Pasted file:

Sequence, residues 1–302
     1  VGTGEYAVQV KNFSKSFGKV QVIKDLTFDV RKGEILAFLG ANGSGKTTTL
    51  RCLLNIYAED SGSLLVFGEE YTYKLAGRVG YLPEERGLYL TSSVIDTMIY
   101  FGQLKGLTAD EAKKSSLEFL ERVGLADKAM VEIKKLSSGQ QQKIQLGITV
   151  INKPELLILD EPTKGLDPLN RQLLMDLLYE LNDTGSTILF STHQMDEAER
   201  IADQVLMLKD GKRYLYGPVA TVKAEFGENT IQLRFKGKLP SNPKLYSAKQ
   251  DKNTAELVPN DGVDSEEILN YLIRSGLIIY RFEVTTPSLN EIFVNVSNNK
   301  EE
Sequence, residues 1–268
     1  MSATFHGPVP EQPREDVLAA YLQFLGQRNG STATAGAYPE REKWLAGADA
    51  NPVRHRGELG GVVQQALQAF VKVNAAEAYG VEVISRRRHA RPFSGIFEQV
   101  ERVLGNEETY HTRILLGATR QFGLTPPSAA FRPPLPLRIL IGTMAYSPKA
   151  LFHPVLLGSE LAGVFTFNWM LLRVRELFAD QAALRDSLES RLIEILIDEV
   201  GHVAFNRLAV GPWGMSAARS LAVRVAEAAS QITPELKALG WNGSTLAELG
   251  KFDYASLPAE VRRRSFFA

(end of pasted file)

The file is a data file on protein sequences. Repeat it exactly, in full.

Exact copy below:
Sequence, residues 1–302
     1  VGTGEYAVQV KNFSKSFGKV QVIKDLTFDV RKGEILAFLG ANGSGKTTTL
    51  RCLLNIYAED SGSLLVFGEE YTYKLAGRVG YLPEERGLYL TSSVIDTMIY
   101  FGQLKGLTAD EAKKSSLEFL ERVGLADKAM VEIKKLSSGQ QQKIQLGITV
   151  INKPELLILD EPTKGLDPLN RQLLMDLLYE LNDTGSTILF STHQMDEAER
   201  IADQVLMLKD GKRYLYGPVA TVKAEFGENT IQLRFKGKLP SNPKLYSAKQ
   251  DKNTAELVPN DGVDSEEILN YLIRSGLIIY RFEVTTPSLN EIFVNVSNNK
   301  EE
Sequence, residues 1–268
     1  MSATFHGPVP EQPREDVLAA YLQFLGQRNG STATAGAYPE REKWLAGADA
    51  NPVRHRGELG GVVQQALQAF VKVNAAEAYG VEVISRRRHA RPFSGIFEQV
   101  ERVLGNEETY HTRILLGATR QFGLTPPSAA FRPPLPLRIL IGTMAYSPKA
   151  LFHPVLLGSE LAGVFTFNWM LLRVRELFAD QAALRDSLES RLIEILIDEV
   201  GHVAFNRLAV GPWGMSAARS LAVRVAEAAS QITPELKALG WNGSTLAELG
   251  KFDYASLPAE VRRRSFFA